Regardless of your position when it comes to financial spending and budgeting, it doesn’t hurt to practice mindful spending habits. Listed below are 8 tips that can help you stop the impulse buying habit and think of ways to spend less and save money.
These days, you can find it easy to pay for almost everything, thanks to mobile wallets, and even one-click online shopping methods. While they may be convenient for those necessities, these benefits take us away from the out of sight of mind mindset.
The good thing is, being mindful when it comes to your financial journey can help you stay within your spending habits and not go beyond it.
At the end of the day, it’s either those purchases are necessary, or, you won’t be even using and needing them after all.
Use A Spending Tracker
Your journey begins with your budget. If you don’t have one yet, then now is the best time to start preparing one. Once you have it in place, try to regularly review all of your incoming and outgoing transactions. It can be daily, weekly, or even monthly – whatever schedule you can sustain and works best for you. This way, you will be able to determine whether you’re overspending and even see where you’re spending your money on.
With that in mind, you can always make adjustments. For instance, if you’ve noticed that you’ve been overspending money for a $10 delivery every lunch, you’ll see that it all adds up at the end of the month. You can also utilize technology for this type of task such as downloading the US Bank Mobile app. This app features a Money Mentorship tab that helps you analyze all of your spending habits and give you a better understanding of where your money goes month after month.
Don’t Use The “One-Click Buying” Feature
For the majority of online retailers, they have enabled this feature to prevent their customers from abandoning their shipping cart. Not only that this feature is super convenient as it helps you get your orders checked-out and paid for instantly, but unfortunately, this feature is also the road that will lead you to impulse buying. As difficult and inconvenient as this may sound, you may want to disable the one-click buying feature. You may also want to delete some online shopping apps at the same time if you buy from your phone most of the time.
Pay With Cash
Using Google Pay and Apple Pay has thankfully made paying for our purchases a lot easier, but digital payments made it more difficult to stop spending impulsively. A study made by a US Bank Cash Behavior has found out that 50% of individuals these days rarely carry enough cash as they have their debit cards, credit cards and/or other modes of digital payment with them instead. Stop this trend – stop for an ATM, withdraw your budget for spending before you go out on your shopping trip. By taking just enough money from your account, your chances of overspending are minimized. If possible and if you can, leave your credit and/or debit card at home.
Come Up With A Shopping List
Before you go out for your weekly shopping errands, make sure that you come up with a list of the things that you need and intend to buy – and make sure that you stick to it! If you go on a grocery shopping trip without a list, you’d find yourself mindlessly going from one aisle to another, adding things to your cart that is unnecessary.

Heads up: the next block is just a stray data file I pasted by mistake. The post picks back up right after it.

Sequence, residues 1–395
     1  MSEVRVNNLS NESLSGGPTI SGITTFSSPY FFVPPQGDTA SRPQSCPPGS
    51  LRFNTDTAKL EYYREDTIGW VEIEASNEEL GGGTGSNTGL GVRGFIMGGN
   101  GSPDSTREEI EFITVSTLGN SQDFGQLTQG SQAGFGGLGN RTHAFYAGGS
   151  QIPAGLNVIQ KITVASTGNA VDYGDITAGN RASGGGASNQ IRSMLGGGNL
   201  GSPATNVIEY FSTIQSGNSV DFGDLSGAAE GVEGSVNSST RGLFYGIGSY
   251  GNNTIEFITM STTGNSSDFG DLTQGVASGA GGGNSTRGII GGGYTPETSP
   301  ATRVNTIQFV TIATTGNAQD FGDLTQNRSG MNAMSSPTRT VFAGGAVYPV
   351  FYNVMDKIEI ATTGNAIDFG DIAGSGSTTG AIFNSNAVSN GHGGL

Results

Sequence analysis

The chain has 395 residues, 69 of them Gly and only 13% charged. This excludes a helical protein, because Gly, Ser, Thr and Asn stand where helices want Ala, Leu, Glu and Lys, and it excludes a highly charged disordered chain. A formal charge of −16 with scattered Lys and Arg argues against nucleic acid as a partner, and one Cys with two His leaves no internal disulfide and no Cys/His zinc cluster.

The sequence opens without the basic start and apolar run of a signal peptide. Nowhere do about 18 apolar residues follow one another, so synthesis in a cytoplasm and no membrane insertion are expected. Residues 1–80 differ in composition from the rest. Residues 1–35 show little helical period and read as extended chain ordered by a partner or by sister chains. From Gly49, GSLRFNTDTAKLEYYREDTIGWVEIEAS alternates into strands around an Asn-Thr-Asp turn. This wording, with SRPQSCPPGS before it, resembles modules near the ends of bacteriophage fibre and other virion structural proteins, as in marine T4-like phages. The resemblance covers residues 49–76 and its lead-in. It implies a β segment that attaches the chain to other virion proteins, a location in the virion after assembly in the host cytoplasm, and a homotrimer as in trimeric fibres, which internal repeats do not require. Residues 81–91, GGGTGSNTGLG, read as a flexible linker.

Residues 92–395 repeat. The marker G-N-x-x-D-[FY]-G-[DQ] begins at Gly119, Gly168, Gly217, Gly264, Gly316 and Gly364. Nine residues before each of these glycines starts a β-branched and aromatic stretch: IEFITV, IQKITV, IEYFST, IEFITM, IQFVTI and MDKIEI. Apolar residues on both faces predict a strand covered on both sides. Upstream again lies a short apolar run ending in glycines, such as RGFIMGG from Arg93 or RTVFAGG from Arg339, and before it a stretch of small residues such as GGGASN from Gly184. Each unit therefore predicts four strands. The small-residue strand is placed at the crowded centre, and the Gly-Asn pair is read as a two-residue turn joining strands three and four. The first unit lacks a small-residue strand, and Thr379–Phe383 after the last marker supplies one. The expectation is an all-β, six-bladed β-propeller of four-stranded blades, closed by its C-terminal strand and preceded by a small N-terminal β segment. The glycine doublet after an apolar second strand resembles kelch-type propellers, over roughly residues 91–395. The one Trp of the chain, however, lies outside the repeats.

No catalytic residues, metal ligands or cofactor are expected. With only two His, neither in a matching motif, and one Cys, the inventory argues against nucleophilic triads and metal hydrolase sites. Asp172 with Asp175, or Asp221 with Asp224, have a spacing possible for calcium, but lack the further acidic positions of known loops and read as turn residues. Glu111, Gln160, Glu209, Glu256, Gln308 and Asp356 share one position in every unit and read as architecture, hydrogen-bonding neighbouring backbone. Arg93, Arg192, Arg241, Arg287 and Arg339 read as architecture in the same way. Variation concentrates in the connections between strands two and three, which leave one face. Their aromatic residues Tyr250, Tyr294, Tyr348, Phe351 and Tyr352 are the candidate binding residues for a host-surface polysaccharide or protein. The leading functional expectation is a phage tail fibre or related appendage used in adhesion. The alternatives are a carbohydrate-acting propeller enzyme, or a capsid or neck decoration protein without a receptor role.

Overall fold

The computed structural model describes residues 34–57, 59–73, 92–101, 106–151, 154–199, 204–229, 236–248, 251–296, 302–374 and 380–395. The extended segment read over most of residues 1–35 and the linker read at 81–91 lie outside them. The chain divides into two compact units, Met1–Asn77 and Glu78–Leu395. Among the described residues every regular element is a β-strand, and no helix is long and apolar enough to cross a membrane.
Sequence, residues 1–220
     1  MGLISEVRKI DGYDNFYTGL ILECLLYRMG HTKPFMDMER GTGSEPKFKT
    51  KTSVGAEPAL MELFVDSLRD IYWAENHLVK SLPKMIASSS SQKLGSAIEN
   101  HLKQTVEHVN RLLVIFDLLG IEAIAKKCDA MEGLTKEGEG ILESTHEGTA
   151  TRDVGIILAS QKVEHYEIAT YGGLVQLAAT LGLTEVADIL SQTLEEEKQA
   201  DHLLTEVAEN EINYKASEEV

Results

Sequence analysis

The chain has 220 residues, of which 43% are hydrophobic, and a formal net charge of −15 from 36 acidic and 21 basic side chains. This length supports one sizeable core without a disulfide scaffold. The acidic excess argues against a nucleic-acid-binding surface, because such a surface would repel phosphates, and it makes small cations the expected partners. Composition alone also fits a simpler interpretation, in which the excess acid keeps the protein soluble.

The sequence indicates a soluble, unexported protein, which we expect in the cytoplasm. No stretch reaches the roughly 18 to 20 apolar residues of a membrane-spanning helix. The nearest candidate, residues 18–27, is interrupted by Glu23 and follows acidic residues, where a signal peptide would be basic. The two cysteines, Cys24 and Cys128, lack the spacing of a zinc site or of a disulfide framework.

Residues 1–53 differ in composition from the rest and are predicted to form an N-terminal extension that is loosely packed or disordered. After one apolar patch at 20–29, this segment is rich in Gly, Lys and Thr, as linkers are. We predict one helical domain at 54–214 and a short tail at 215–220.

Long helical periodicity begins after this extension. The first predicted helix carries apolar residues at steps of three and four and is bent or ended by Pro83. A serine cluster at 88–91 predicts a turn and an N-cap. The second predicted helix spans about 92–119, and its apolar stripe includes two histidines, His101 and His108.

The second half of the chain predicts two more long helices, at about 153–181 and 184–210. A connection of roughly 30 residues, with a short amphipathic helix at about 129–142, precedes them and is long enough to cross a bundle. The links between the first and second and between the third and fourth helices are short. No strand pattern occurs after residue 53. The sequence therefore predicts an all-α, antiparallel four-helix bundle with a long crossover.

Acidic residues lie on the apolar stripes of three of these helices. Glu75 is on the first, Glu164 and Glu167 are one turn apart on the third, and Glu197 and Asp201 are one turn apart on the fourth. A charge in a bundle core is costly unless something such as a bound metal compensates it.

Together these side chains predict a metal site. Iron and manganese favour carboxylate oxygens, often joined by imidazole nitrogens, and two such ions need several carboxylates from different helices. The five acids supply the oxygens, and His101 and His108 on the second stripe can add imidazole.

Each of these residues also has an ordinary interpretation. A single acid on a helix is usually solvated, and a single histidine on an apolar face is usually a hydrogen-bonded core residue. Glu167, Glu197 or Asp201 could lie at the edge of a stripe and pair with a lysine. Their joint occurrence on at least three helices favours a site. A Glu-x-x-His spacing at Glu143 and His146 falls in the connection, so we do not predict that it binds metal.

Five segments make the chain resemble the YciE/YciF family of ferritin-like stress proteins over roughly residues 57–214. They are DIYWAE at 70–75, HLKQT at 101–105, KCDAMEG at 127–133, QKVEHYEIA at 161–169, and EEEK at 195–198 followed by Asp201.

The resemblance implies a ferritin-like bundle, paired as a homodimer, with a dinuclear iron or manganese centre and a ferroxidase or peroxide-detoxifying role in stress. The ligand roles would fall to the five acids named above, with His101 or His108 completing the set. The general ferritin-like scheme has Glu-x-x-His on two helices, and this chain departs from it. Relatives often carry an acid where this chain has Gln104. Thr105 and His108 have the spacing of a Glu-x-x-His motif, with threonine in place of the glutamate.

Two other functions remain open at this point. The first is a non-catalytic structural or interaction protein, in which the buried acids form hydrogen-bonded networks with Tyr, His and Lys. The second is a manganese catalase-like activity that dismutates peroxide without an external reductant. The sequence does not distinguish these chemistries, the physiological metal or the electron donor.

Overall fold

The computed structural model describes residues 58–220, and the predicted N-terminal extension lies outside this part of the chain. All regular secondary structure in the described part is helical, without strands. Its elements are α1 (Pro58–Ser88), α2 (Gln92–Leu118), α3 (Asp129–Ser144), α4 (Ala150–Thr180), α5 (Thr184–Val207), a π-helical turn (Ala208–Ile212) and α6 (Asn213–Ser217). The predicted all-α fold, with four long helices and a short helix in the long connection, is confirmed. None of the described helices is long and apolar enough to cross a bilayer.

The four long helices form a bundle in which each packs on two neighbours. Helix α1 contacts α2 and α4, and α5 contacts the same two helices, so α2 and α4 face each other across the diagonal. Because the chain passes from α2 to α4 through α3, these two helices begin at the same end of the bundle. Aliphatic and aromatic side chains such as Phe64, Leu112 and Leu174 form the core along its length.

Set Aside A “Guilt-Free” Shopping Money
Finance analysts at Pronto Finance say “being a mindful spender doesn’t necessarily mean that you’re not supposed to buy fun things. After all, you’ve worked hard for that money and it’s just right that you get to enjoy it every once in a while.” They advise “set aside money that you can use for your guilt-free shopping trip. This is after you budget your money, and have enough for your bills and other necessary expenses . You may even want to set aside a separate account where you could allocate your spending money and separate it from your savings.”
Think And Pause Before Making A Purchase
You’ve probably heard about people using the phrase “sleep on it” before you even make a huge decision in your life. The same thing applies when you’re making huge purchases. Instead of mindlessly shopping and paying with your credit card as soon as you’ve seen something, pause, and even think again for a day or two and think about that significant purchase. Most of the time, you’ll find yourself not wanting to buy it after giving it some thought. But if you feel that you still wanted to make that purchase after thinking hard about it, then go ahead and do it.
An Accountability Partner Helps
It doesn’t matter who it is – it can be your best friend, your mother, spouse, an identity or someone that you completely trust. Discuss your financial journey with your accountability partner and inform them of your goals and your mindful spending habits. This person will help you get back on track and even might give you a nudge whenever you find yourself in a situation where you’re about to make those unnecessary purchases.
Understand The Things That Matter To You
Getting that latest smartphone model or upgrading to a bigger TV may give you that sense of gratification, but will it make you happy for longer periods, or will it just give you a temporary sense of happiness? If it’s just temporary, then it’s time to back off and save that money or use it for something else. To stop the unnecessary spending habits, always think of the things that are important to you and your financial goals. Whether it be buying a new car or a home, checking off your bucket list and going on a Europe trip, or even a monthly self-care routine might be nice, right?